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A Keswick couple's mast-y problem turned into tall order for a Cumbrian forest. Meg Crosthwaite and Alan Whitaker launched a nationwide hunt for new masts for their Caribbean schooner - only to find the ideal trees just minutes from their front door.
Timber merchants brought the pair right back to Thirlmere Forest, where foresters work hand-in-hand with climate and soil conditions to produce perfectly straight, tall trees with very few flaws.
"What surprised us most was that the right wood to use was just ten minutes down the road. We chose the trees and saw them felled. It was quite an experience," said Meg.
The couple's traditional wooden boat, the Friendship Rose, is a hit with holiday makers on the island of Bequia (pronounced Beckway) in the Grenadines.
Built from the island's native timber around half a century ago, maintaining the Friendship Rose is an ongoing task. But Bequian wood is not noted for being straight and there was nothing local suitable to replace the 66 foot masts when one of them cracked.
"The Friendship Rose is one of the very last traditionally-built West Indies schooners. It was made by hand on the beach from local trees, which have perfect curves for the boat. They don't have the sort of long, straight trees we need for masts so we came home to look for them."
After contacting a timber merchant in Lincolnshire they were recommended to look at Thirlmere Forest, an 800 hectare woodland around Thirlmere reservoir, which is owned and managed by water company United Utilities.
United Utilities' Woodland Officer Paul Clavey said: "Thirlmere Forest was planted around the 1900s, when the reservoir was built, to help keep the water clean. It helps protect the water by stabilising the soil and preventing erosion. Thirlmere supplies about 800,000 people from Keswick to Manchester with their drinking water.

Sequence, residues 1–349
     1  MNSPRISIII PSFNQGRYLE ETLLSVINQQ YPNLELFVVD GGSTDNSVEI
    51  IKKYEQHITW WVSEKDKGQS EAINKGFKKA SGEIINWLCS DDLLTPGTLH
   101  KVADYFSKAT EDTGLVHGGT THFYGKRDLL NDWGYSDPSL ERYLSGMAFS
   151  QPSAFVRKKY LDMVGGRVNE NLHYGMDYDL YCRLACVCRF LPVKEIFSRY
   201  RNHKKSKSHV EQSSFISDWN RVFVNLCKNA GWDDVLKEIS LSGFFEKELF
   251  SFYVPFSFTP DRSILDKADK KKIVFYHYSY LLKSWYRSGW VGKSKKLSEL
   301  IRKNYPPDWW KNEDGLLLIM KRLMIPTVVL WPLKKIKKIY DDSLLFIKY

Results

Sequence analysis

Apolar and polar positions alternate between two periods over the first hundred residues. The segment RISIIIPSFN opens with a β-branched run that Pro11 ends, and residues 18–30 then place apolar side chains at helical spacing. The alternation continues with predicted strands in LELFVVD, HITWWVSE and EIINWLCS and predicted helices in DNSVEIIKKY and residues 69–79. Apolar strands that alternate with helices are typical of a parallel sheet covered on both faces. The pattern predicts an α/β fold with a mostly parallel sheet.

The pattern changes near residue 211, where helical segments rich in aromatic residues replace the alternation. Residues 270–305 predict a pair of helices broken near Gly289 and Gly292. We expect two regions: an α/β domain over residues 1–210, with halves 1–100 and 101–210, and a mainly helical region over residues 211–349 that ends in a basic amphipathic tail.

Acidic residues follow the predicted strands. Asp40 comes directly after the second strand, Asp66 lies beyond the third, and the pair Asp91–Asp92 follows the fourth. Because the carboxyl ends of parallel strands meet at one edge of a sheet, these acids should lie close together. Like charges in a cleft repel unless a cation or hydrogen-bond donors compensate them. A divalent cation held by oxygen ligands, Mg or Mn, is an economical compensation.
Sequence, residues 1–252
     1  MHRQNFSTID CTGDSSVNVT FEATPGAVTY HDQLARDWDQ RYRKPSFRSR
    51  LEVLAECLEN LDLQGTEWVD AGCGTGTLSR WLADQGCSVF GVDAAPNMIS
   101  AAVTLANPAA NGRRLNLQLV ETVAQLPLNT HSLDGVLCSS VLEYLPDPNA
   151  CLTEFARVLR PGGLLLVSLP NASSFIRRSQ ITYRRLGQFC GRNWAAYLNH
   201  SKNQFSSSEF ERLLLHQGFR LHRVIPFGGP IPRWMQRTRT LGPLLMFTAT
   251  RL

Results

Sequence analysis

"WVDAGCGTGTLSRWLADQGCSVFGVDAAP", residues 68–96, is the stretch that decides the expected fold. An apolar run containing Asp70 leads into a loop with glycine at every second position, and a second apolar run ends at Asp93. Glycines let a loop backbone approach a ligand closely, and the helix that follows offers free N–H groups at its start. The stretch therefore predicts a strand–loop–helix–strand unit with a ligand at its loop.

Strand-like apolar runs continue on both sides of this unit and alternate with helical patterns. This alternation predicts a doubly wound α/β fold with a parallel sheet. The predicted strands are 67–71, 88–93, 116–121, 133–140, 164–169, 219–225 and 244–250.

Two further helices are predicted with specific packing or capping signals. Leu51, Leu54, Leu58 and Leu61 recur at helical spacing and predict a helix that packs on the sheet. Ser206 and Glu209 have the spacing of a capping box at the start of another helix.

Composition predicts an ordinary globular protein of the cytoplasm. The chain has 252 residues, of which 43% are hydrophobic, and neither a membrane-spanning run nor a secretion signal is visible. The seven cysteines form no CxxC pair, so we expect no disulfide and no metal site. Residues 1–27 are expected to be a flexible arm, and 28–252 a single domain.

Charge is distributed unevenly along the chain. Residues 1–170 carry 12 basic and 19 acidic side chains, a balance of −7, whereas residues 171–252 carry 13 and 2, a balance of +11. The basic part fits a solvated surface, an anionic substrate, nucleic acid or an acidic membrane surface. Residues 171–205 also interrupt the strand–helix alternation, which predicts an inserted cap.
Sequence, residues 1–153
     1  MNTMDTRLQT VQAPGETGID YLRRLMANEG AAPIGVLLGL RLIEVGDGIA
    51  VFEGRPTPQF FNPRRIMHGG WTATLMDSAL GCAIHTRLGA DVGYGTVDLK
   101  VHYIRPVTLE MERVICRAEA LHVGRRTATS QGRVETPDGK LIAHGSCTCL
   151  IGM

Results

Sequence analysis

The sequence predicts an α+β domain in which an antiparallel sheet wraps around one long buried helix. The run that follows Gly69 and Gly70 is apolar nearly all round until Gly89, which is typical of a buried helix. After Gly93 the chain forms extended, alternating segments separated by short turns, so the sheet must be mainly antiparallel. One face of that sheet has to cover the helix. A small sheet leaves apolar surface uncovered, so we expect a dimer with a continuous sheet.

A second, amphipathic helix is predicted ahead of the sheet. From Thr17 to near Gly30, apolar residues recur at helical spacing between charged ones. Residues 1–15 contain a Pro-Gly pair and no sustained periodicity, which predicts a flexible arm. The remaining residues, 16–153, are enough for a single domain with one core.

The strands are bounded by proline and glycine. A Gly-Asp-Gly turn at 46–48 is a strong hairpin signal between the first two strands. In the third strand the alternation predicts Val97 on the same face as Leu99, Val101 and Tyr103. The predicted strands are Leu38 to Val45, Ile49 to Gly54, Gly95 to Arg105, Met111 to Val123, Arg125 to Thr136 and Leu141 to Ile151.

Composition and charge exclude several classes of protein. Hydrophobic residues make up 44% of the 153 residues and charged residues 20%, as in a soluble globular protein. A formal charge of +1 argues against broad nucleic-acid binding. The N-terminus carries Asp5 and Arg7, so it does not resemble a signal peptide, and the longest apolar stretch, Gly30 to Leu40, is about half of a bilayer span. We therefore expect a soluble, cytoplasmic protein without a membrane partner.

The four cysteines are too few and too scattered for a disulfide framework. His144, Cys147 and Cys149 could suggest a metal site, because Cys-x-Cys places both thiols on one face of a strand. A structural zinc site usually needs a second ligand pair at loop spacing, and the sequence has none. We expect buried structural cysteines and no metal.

"The Douglas fir at Thirlmere has grown in good soil, is well sheltered and grows quite slowly. We manage large areas of the forest using a system called continuous cover. That means we pick out individual trees for felling rather than clear felling large areas. This protects the landscape, water quality and tends to result in nice big straight good quality trees."
All United Utilities woodlands are certified under the FSC® UK Woodland Assurance Standard which is the UK forest industry’s recognised standard for well managed and sustainable woodlands.
As well as being tall and straight, the two Douglas firs selected by Meg and Alan needed a huge girth because the traditional masts are wide at the deck and at the cross-trees. Extra long trucks were needed to haul the timber. Alan and his nephew Simon made the masts at specialist workshop Touchwood Devon.
The masts are now on board the Friendship Rose after shipping to the Grenadines where the local captain Calvin Lewison MBE, the original builder of the boat, is proudly installing them.
Meg and Alan bought the Friendship Rose - so named after the bay where she was built - while travelling a few years ago. They lived and worked in the Grenadines until having the second of their two children Lorna, now four, and Hazel, 8. Then they moved back to Keswick, where Meg's family has a long history. Her grandfather was one of the founders of the Keswick Museum.
They run the boat as a business from their Cumbrian home and it has featured in a number of national newspapers and magazines. For more visit www.friendshiprose.com